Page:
UnschoolingLife

Quitting

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amychilds upsidedown
Quitting and learning; learning and quitting.

Alex Polikowsky has quit lots of things and doesn’t consider herself a quitter. (Sidenote: even though her kids are always allowed to quit, her daughter Gigi has loved doing chores ever since she was one year old.)

Ben Lovejoy quit the military three times, which made it possible for him to work in the three branches of the air force, which is a rare accomplishment.

Penelope Trunk‘s career advice has been printed in over 200 newspapers, and she says the people who are the most successful are the people who quit things quickly.

Robyn Coburn says we can trust our children when they know it’s time for them to stop.

Sandra Dodd points out that parents should be looking at the child’s emotions and learning rather than looking at the things that they are quitting.

Leah Rose would rather have her children invest themselves in things that they love, because that’s where the learning happens. [And PS look in the comments section for an update about what happened the day after this interview!]

Babs-Merel de Visser grew up thinking quitting was not an option, with some painful repercussions. She’s still learning to be a better quitter, and found this freakonomics podcast helpful.

Carsie Blanton “doesn’t want to give the end away ♬  but we’re going to die someday.”

3 comments to Quitting

  • Leah Rose

    [NOTE: I sent this to Amy on the day she posted the “Quitting” podcast. I thought she’d enjoy this follow up story since in our interview I had mentioned our son had decided to quit Boy Scouts. Amy suggested I post the story here.]

    Just before the scout troop’s break for Christmas, when Adam finally decided to quit scouting, his buddy (whose dad is the leader of the troop) admitted to him that he also wanted to quit. Adam encouraged the boy to tell his parents, which the kid was afraid to do…thought his dad would “never let him quit.” Happily, the boy’s parents told him he could, indeed, quit…at the end of the scout (school) year. So he asked Adam to stick out the year with him. Adam decided, without any consultation with me or hubby, that he would. Which was fine. (His previous plan was to be done after an end-of-January weekend trip to Baltimore’s Inner Harbor, which Adam had signed up for and wanted to go on.)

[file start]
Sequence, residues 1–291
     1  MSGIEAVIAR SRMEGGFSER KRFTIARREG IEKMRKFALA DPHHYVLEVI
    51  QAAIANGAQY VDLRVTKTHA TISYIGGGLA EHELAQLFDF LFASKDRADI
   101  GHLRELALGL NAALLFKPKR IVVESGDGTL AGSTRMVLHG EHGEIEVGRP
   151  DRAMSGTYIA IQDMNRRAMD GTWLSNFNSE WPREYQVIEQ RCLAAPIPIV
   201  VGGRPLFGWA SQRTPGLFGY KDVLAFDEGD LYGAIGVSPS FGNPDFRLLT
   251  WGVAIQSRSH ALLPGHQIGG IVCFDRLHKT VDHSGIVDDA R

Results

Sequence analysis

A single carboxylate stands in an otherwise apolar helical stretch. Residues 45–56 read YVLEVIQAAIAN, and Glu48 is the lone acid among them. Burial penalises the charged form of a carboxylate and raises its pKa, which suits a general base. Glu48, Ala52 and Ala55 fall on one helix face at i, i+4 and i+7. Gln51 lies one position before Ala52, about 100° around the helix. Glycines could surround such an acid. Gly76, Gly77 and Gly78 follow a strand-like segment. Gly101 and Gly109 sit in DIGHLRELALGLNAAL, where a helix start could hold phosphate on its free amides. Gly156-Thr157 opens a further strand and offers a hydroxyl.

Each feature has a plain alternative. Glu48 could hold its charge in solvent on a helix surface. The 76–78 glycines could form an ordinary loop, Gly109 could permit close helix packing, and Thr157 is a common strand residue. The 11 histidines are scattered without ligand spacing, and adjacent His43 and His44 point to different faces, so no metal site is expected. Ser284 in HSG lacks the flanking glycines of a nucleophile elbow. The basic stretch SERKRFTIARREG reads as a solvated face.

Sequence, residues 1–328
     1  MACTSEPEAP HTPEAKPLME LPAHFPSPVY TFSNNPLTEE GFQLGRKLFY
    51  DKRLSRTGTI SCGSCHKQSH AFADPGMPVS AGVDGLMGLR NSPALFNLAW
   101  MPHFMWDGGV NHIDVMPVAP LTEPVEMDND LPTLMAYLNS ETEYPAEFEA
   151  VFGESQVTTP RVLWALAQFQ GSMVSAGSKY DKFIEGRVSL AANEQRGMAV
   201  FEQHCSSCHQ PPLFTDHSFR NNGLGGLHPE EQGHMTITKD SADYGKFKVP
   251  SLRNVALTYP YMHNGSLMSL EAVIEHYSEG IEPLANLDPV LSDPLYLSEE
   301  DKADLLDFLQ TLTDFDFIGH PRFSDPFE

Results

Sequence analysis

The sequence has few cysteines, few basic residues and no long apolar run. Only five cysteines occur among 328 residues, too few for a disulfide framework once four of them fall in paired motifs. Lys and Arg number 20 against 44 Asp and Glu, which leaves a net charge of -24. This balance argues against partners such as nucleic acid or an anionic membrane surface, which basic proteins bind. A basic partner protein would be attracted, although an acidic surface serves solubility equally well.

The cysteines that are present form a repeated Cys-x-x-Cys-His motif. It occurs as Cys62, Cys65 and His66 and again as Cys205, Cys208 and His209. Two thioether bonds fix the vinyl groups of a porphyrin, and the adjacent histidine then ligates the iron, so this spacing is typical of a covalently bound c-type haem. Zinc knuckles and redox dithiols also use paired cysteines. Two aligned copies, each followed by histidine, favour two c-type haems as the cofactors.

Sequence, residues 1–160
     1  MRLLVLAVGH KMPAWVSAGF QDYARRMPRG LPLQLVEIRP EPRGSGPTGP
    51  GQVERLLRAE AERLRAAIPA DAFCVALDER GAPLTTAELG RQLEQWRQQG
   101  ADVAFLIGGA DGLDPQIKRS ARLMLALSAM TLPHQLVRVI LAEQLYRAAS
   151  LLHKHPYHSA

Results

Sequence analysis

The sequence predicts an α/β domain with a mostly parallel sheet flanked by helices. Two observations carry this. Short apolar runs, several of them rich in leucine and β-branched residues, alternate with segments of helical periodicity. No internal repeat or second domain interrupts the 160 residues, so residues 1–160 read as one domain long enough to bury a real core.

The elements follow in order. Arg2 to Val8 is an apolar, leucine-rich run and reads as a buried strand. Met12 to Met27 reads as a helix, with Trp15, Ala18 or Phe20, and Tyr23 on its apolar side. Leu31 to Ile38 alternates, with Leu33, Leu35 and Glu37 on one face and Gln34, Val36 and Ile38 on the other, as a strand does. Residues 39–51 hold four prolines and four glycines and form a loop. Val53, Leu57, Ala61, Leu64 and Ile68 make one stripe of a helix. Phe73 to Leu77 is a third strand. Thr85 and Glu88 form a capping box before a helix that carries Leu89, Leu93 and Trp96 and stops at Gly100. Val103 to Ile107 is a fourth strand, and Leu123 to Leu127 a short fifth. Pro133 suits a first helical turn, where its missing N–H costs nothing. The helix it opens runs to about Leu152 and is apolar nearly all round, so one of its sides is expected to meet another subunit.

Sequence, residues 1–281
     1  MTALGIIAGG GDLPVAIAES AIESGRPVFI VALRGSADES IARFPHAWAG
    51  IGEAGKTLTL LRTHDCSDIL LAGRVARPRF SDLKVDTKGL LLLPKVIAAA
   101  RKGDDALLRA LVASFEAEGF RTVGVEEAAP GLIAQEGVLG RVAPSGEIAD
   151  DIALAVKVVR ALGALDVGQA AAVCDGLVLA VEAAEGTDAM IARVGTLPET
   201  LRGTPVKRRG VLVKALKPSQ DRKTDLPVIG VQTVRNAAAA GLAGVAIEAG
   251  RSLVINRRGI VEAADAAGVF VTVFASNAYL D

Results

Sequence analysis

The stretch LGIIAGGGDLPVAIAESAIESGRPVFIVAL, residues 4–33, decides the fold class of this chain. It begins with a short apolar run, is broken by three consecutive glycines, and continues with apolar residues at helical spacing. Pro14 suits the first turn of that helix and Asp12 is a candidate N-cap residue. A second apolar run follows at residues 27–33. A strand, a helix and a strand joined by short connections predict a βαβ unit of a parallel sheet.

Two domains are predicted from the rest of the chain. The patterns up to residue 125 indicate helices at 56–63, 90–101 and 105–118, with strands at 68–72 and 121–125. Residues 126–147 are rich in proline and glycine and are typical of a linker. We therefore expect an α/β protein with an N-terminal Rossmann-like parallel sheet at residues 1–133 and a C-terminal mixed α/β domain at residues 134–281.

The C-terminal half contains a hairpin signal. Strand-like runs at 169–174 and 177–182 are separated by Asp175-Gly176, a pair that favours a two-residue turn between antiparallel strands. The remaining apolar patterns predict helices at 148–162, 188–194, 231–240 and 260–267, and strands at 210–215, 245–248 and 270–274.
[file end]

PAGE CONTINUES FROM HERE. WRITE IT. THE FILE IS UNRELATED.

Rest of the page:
Then in early January, when scouts resumed, Adam had second thoughts. He decided he really didn’t want to stay in scouts for five more months, wanted to quit meetings and have the Baltimore trip to be his last event. I was fine with him reconsidering, but I did press him to attend one last scout meeting as a courtesy to the scoutmasters and his friend, to let them know that he was done. He went to his “final” meeting and told his friend, who he said was not mad, but certainly wasn’t happy, either.

    The following week (the day after our interview) I asked Adam if he planned to go to scouts that night; I asked only because it was Gym Night, meaning they play games rather than do scouting stuff, and Adam generally had enjoyed those meetings. Contrary to my expectations (since he’d decided to be done with weekly meetings) he said “yes,” and then he told me that he had decided to stick with scouts till the end of the year. Surprised, I asked him why. He told me: “I decided I want to be the kind of friend who does what he said he’ll do.” I asked him if he’d talked to his friend about this, thinking maybe he’d been pressured or guilted into changing his mind. He answered “no.” They hadn’t talked, and his friend didn’t know yet. He’d thought about it and this was his own decision. I said fine, and that I thought it was a cool decision.

    Just goes to show that it doesn’t hurt a 12 year old to quit on his own terms, for his own reasons, and that adults need not force the situation to make sure he “learns the right lesson.” (And that said, if he changes his mind again, I’ll be fine with that, too, because he is both thoughtful and learning through the process.)

  • K

    I would love to listen to a podcast about learning music, arts and dance through unschooling methods. Learning an instrument, for example, seems to be a discipline that requires some type of rigid curriculum. It would be interesting to learn about other ways to approach those subjects.

    Thank you!

  • R

    This was such a great podcast for me to listen to. I’ve done so many things that I felt like I had to suffer through instead of quit as I felt like quitting was the worst thing to do. I finally did allow myself to quit and moved on but I now understand that it’s ok to quit and that you get what you get out of it and that’s what’s more important. When you are done it’s perfectly ok. This concept makes me feel so much better. Thank you for this!

    Also K if a person want’s to learn to dance or a musical instrument they can self “discipline” themselves if they want it bad enough. You don’t even need to start at 4 or 6 to be great at anything. I started piano at 13 because I really really wanted to and by 17 was accepted into a state college bachelor of music piano performance degree. My friend started at 16 and got her masters in piano. If an individual wants something bad enough they will find a way to do it especially if they have never been made to believe they can’t do the things they want. If the “discipline” is self directed the leaps and bounds are almost miraculous. Then I look at Tiger Woods who was forced into what he is doing from a very young age and as soon as his enforcer (father) died seemed to fall apart.

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